• Mediation as the First Step: In most cases, you’ll need to attend a Mediation Information and Assessment Meeting (MIAM) to explore whether mediation can help you reach agreements about divorce-related issues. Exceptions include situations involving domestic abuse or if one party lives abroad.
  • Why Mediation Succeeds: A neutral mediator facilitates communication, helps you focus on solutions, and defuses potential arguments. The goal is to find common ground and create a plan that benefits both you and your ex-partner.
  • Collaborative Law: When situations are complex (e.g., jointly owned businesses), collaborative law might be appropriate. You and your former spouse each have specialised collaborative lawyers, and everyone works together within a series of structured meetings to find solutions.

Benefits of Non-Confrontational Methods

  • Protecting Relationships: Especially when children are involved, finding ways to work together post-divorce is crucial. Mediation and collaborative approaches foster healthier co-parenting.
  • Faster & More Cost-Effective: Avoiding drawn-out court battles saves time, money, and emotional energy.
  • Better Outcomes: Reaching agreements you both have a hand in crafting often leads to more sustainable solutions than court-imposed ones.

Important Note: Even if you start with mediation or collaborative law, situations can arise where court intervention becomes necessary. Having legal advice throughout the process protects your rights.

Practical Considerations

Understanding the practical and financial aspects of divorce helps you make informed decisions and avoid unexpected hurdles. Here are some key points to keep in mind:

Before You Apply

  • Counselling: If you have any doubts or unresolved feelings about the divorce, individual or couples counselling can provide clarity and support.
  • Initial Agreements: If possible, discuss financial division, child arrangements, etc., with your ex-spouse in advance. This can streamline the formal process.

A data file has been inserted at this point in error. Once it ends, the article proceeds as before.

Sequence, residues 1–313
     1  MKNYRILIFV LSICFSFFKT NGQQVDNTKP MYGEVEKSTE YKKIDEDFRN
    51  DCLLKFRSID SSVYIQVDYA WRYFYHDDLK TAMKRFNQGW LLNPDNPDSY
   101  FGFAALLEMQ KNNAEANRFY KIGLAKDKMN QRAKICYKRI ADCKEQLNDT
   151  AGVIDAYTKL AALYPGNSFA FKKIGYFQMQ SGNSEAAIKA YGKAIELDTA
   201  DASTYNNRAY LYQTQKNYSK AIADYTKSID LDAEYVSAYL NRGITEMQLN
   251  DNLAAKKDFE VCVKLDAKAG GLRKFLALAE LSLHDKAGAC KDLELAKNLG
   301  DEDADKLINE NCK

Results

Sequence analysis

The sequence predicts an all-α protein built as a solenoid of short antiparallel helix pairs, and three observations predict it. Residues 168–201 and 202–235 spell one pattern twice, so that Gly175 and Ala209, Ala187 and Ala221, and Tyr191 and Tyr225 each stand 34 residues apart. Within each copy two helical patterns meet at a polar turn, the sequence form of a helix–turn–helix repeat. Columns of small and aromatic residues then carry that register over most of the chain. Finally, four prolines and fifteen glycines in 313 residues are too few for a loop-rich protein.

Costs and Legal Aid

  • Court Fees: The standard divorce application fee is £593. You might be able to share this cost with your former spouse.
  • Legal Aid: You may qualify for financial help with court fees and/or legal representation if you’re on a low income or receive certain benefits. It’s essential to apply for legal aid before starting the divorce process.
  • Solicitor Costs: These vary. Look for family law specialists and discuss fee structures upfront.

Why a Solicitor is Important

Even with simplified divorce laws, expert legal advice is invaluable. A solicitor can:

  • Handle Communication: They can liaise with your ex-spouse and their lawyer, reducing stressful interactions.
  • Ensure Fairness: They’ll protect your interests and help you negotiate a fair financial settlement.
  • Representation: If you do end up in court, a solicitor advocates for you effectively.
  • Finding Resources: Solicitors can connect you with mediators, counsellors, or other support services you might need.

If You Have a UK Visa

  • Losing Your Visa: Your dependent visa will be invalidated once the divorce is final. This could mean needing to apply for a new visa, or potentially leaving the UK.